Book Advice from a Graduate Designer to the Newest Student
by Claire Dunford·
Books that Aided my Transition from Squeaky Clean Newbie to ‘Know-it-all’ Designer
Uni is tough, endless nights annotating sketchbooks, dodging scalpel wounds and running out of masking tape. I’ve collected a list of the books that saw me through every step of uni, I hope they give you a creative launch point to your brainstorming whirlpool.
For the hands-on designer:
Screen Printing Print Club London £25.00
Whether using a gloss medium on a matte book cover, actual sea water on an environmental poster or even creating a dramatic limited edition spread, if your Uni has a screenprinting workshop, you should so get in there! ‘Screen Printing’ by Print Club London will tell you everything you need to know to get you confident in the workshop. The book provides step-by-step guides to creating your own work, handy tips to master techniques and even insider knowledge from leading artists in the game.
Bookbinding Franziska Morlok, Miriam Waszelewsk £45.00
Genuinely, this book will be your bible. Not only does it look beautiful, complete with an embossed and spot UV printed cover, but it is hands-down the most useful book I have come across. This book gives you every inch of detail about every bookbinding, folding and sewing technique. Morlok and Wazelewski answer questions about the industry, process and design. They provide easy to follow instructions on binding techniques, such as flat fold and wire, whilst giving you honest advice on which technique to use. This book is an essential edition to any student’s library.
How to Michael Bierut £30.00
More than anything, I love this book for its reassuring stories of seemingly impossible briefs made possible. For instance, the design of two dozen logos
at once – Bierut was challenged to create a set of logos, which while working together, also needed to establish every branch of the organisation in question. It’s a real page turner and not only provides a stunning monologue from Bierut about his life and career but also provides a definitive guide to pretty much every design and concept challenge a designer will face – from how to survive on an island to how to win a close game.
A Smile in the Mind Beryl McAlhone, David Stuart, Greg Quinton, Mick Asbury £25.00
First published almost 20 years ago, the recent 2018 fluorescent orange, refreshed reprint has been updated with even more contemporary, witty graphic design projects – from wit in the world of politics, to education, law and retail. Think ‘Juice Skin’, an innovative packaging concept of look-a-like banana skin which holds a banana drink, meets ‘may the froth be with you’, t-shirts designed in a Starbucks style. Ideas you’ll wish you came up with which will surprise, engage and amaze you. It’s really fun and a genuine must-read.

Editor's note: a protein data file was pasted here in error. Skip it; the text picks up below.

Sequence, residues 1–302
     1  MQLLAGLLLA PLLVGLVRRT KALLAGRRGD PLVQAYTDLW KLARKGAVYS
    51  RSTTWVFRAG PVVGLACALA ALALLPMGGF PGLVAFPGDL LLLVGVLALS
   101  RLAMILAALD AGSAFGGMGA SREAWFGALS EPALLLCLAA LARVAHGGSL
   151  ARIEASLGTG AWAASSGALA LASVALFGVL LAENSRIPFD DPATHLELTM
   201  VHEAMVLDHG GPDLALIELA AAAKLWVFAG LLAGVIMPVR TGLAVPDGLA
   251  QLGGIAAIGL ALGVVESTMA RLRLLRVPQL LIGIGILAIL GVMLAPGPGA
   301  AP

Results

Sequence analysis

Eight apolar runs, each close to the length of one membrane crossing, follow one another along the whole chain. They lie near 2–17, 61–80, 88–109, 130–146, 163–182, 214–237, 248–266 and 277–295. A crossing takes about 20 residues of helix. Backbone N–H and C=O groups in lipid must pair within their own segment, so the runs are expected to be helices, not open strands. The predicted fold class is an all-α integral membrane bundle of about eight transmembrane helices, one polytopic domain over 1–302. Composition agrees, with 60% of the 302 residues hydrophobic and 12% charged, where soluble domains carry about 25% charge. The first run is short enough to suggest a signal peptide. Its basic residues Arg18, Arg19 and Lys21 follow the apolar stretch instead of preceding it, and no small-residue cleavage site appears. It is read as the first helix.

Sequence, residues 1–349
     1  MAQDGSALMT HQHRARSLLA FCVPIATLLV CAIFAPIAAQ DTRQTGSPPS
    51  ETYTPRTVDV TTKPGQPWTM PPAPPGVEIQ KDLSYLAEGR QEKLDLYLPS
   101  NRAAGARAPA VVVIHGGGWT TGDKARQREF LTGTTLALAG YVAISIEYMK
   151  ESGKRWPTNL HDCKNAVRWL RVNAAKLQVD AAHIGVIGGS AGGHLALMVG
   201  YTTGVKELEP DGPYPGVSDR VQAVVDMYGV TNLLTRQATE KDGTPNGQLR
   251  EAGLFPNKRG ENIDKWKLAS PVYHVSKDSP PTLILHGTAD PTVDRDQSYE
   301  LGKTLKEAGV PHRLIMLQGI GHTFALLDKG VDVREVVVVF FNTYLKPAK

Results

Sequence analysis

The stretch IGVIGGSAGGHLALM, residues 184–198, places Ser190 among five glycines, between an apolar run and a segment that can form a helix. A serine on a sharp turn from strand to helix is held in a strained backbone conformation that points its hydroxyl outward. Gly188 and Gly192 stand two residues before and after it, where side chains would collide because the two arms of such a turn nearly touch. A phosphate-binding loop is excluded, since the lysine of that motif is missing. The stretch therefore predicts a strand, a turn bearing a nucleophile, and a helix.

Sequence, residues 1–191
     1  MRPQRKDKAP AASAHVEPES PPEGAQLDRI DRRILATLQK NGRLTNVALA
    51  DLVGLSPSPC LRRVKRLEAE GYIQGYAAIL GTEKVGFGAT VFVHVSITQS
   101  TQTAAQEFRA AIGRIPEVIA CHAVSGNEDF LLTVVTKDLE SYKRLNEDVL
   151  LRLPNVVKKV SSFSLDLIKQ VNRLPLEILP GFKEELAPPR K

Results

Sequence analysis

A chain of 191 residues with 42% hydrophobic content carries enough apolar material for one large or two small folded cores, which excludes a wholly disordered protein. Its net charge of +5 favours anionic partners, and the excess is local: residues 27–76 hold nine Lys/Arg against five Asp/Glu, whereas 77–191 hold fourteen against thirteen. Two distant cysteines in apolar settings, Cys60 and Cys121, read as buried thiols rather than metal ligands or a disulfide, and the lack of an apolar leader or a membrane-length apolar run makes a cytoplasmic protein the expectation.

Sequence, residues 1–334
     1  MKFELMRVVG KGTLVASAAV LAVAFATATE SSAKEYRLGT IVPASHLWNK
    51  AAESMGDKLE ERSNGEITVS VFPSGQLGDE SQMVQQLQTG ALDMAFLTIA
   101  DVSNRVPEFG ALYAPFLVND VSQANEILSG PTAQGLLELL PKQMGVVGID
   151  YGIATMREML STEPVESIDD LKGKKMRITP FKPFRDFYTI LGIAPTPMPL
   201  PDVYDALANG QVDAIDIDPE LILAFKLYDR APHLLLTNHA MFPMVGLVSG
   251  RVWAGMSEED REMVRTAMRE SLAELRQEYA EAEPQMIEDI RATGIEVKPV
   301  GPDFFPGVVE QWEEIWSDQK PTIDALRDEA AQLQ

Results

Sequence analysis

For the real-world designer
The Art of Statistics David Spielgelhalter £17.00
Ever actually wanted to know what data visualisation is? Me too. So many books nowadays give you dry information that’s hard to understand and even harder to find a use for – not ‘The Art of Statistics’. Reading data is one thing, but as a designer, reproducing it in a digestible format is another. David Spiegelhalter teaches you the techniques you need, to use data and make it beautiful.
Nineteen Eighty-Four George Orwell £8.00
The classic. So perhaps this isn’t a design related choice, but it shaped my visual culture journey none-the-less. The book has inspired so many, from Apple’s 1984 Superbowl advert that promoted behavioural change and disruptive thinking, to the hit show ‘Big Brother’. New designers, now more than ever, should be conscious of their impact on the world, I think that’s what I’m trying to say with this recommendation.
For the typographer
Paula Scher, Works Tony Brook, Adrian Shaughnessy £55.00
Produced by the design studio Spin, this book is a stunning homage to the Pentagram partner, and all-around design god, Paula Scher. Scher was the first female to be made partner at Pentagram, almost 30 years ago, and her book covers a collection of her work from album covers to theatre identities. Scher’s use of experimental and purposeful typography is continuously inspiring to me.
Typography: Formation + Transformation Willi Kunz £40.00
Gosh this book was helpful to me! If I hadn’t been shown this book during my final year, my major project wouldn’t have been as well developed, I wish I’d seen it sooner. I used this book when developing my own typeface for a visual language based around complex twin relationships. The book provides a fantastic opportunity for designers to hone their typography skills by really understanding how to construct letters with added meaning. Through the pages you’ll be shown how to understand the design solutions that typography can offer. ‘Good typography supports reading, but it should also be a source of visual pleasure and inspiration.’ A classic and a must read in the world of typography.